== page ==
The Big Cautions With Betaine HCl
Esophageal Damage and Strictures
Pills of Betaine HCl can get lodged in areas where the esophagus has narrowed from scar tissue or has shrunk from old age. This usually causes a strong, sharp pain. If the pill remains for more than a couple of minutes, it can literally burn the area. If this happens, the irritation can last several days and it is best to discontinue the course of Betaine HCl therapy until it is completely healed. To prevent damage to the esophagus in cases like these, it is crucial to flush the area until the pill is small enough to move on. This can be done by sipping a weak solution of baking soda in warm water (1/4 tsp per 12 oz of water) OR by diluting a full dose of a liquid antacid in warm water. DO NOT use baking soda if the patient has high blood pressure. This scenario is more common in elderly patients and it is better to break up the Betaine HCl capsules before swallowing them. As a general rule, if this happens, don’t hesitate to seek medical attention.
Exacerbation of Gastritis
Gastritis is inflammation of the stomach lining. It has many causes but ultimately occurs because the cells lining the stomach cannot replace themselves quickly enough to maintain the integrity of the tissue. When this happens, any small amount of acid can quickly damage the lining. This is a potentially dangerous situation as ulcers can form. Possible causes include excessive alcohol consumption, use of corticosteroids and NSAIDS, stress, excess acid production, nutritional deficiencies, excess levels of histamine and infection.
Combine a stomach that is severely irritated by excess histamine and add Betaine HCl and you have yourself a new condition that can take several weeks to fully heal.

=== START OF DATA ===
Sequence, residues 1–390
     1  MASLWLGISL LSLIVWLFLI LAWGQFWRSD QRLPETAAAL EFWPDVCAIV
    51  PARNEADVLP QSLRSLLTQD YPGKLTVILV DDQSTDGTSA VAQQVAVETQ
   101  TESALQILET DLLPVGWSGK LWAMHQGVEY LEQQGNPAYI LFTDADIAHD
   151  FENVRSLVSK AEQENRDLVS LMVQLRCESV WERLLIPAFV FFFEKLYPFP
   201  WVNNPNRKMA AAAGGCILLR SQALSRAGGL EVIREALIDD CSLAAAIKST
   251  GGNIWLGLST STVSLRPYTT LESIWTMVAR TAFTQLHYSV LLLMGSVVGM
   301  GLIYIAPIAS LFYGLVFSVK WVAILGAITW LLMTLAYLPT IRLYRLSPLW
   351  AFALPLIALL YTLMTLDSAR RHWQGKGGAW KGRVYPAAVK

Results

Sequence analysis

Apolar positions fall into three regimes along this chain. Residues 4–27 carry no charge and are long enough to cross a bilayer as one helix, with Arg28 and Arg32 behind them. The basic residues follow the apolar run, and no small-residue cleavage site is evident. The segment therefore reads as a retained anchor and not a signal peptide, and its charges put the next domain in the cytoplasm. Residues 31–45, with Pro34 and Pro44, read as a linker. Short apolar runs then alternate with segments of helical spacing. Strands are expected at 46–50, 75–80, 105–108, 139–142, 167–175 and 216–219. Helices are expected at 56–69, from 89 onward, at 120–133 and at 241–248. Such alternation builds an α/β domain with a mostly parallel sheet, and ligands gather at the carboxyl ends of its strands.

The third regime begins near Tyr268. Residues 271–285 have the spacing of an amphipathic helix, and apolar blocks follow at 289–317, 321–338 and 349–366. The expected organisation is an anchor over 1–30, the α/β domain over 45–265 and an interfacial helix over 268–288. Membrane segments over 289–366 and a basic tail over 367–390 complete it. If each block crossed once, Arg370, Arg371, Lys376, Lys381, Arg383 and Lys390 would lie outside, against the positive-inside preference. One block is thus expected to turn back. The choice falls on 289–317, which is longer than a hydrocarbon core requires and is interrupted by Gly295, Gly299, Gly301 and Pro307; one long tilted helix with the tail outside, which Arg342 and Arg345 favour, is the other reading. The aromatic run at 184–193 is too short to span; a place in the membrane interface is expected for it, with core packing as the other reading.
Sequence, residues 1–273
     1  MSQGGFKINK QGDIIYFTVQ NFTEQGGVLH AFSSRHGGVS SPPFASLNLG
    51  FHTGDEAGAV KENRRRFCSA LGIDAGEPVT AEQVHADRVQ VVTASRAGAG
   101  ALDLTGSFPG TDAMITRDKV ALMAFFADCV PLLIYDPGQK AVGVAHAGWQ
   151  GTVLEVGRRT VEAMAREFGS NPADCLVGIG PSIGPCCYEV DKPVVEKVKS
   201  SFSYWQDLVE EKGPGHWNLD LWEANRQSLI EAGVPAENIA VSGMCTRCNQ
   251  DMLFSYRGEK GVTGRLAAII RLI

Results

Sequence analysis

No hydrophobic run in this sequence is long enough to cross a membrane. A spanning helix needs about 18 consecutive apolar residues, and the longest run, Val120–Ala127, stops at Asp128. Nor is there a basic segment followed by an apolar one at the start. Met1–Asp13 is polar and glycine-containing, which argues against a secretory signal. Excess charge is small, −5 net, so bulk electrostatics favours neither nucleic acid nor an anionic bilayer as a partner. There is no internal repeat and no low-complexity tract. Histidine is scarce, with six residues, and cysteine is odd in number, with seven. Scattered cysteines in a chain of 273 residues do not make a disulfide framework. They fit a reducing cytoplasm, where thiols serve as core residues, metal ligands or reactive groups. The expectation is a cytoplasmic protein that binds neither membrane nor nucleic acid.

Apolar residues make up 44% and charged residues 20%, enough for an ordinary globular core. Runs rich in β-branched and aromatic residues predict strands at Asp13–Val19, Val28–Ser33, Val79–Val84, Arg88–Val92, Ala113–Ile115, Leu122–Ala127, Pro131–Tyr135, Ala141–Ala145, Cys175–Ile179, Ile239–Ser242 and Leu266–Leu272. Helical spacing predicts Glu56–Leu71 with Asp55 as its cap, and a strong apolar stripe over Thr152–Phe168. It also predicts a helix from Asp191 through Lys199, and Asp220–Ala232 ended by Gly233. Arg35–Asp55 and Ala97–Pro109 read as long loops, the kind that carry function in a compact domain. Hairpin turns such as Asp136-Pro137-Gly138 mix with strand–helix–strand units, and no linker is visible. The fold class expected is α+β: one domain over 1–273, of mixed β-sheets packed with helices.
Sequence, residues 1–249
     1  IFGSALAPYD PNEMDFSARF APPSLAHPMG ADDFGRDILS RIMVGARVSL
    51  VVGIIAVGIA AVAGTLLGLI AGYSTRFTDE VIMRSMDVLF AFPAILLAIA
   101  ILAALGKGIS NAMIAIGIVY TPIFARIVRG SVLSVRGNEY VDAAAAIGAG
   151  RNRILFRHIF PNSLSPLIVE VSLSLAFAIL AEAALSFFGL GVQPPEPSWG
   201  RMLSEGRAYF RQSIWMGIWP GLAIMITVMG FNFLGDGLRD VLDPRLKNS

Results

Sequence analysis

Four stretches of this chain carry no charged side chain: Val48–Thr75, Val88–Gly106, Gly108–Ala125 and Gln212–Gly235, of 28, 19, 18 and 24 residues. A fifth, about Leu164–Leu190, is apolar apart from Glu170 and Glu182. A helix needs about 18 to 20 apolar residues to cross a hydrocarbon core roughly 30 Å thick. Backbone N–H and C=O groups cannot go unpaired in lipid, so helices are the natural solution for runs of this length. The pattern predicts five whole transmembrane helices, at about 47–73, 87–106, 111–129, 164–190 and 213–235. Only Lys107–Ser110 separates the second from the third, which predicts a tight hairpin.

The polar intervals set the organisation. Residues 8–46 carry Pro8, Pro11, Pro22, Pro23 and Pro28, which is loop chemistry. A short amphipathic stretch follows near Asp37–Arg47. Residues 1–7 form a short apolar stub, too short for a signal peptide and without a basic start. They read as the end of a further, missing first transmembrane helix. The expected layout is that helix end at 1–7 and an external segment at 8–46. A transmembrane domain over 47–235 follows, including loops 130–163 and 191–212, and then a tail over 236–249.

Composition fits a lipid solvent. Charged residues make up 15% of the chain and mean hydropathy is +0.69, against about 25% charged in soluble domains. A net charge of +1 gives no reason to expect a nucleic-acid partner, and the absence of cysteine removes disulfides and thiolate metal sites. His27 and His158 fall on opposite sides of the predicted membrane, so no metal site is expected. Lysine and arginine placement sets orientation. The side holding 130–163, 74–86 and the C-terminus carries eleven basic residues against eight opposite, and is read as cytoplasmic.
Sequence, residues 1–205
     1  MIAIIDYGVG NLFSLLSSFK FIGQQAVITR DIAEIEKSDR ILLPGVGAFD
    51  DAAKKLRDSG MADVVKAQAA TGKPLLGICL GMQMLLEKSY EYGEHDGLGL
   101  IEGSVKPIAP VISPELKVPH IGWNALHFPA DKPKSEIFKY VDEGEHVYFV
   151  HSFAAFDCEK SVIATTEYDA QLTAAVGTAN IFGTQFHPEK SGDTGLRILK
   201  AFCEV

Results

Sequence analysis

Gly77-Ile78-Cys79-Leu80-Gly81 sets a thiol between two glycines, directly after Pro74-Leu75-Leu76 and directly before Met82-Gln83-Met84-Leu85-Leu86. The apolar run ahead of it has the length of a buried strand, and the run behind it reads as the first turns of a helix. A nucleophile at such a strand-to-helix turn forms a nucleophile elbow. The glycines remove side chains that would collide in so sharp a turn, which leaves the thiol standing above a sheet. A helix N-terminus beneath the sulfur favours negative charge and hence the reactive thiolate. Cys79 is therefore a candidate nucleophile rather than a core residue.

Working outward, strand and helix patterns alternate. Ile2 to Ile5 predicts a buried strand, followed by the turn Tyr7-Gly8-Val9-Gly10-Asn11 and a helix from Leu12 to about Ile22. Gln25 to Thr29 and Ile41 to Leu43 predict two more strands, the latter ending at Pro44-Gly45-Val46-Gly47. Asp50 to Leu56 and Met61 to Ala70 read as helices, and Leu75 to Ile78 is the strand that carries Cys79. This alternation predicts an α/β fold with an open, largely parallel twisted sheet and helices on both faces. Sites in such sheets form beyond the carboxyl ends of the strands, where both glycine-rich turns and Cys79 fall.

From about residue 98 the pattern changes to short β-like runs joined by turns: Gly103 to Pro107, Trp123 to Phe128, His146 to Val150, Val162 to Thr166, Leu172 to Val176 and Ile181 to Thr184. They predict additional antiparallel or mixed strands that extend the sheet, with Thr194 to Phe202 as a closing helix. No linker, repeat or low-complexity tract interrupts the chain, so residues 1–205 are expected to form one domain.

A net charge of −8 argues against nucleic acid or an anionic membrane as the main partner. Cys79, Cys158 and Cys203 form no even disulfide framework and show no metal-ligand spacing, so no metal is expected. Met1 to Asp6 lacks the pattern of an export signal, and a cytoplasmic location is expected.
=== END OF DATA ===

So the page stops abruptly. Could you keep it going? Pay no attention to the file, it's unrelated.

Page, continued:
Symptoms of gastritis can easily go unnoticed. This is especially true for people who are busy, overwhelmed and/or highly driven. I meet people all the time in my practice who have had low to mid-grade symptoms of gastritis for years without giving it a single consideration that something could be wrong. This can also happen because some people have an altered perception of pain in their digestive tract. Nerve blocks and cauterizations as well as medications, like antidepressants, narcotics and opioids, can reduce pain sensations. Practitioners! Confirm your diagnosis before prescribing Betaine HCl and proceed cautiously with the dose. DO NOT assume that patients will notice side effects immediately.
A True Story of a Gastritis Nightmare
More than a decade ago, I had a nutrition consultation with a gentleman who had clear signs of gastritis. Although he didn’t think so, his lifestyle was extremely stressful. He was founder and CEO of a very successful chain of stores. He worked long hours and traveled frequently. Drinking too much alcohol was one way he compensated for the stress. His symptoms manifested as a dull ache (fairly mild) above his naval that was worse on an empty stomach, with water, with spicy food and about 20 minutes after eating (food usually absorbs acid for a few minutes before the stomach makes more). He denied any sign of dark, tarry pieces in his stool (a sign of bleeding in the digestive system). At the time of our meeting, he was preparing to leave for a big game hunting trip in east Africa. I insisted that he consult a physician before departing. His first week in the African bush he developed anemia as a result of a bleeding ulcer. It took several days for him to reach a facility with adequate medical care. He ended up having to have surgery and, more unfortunately, a blood transfusion that left him with a lifelong disease.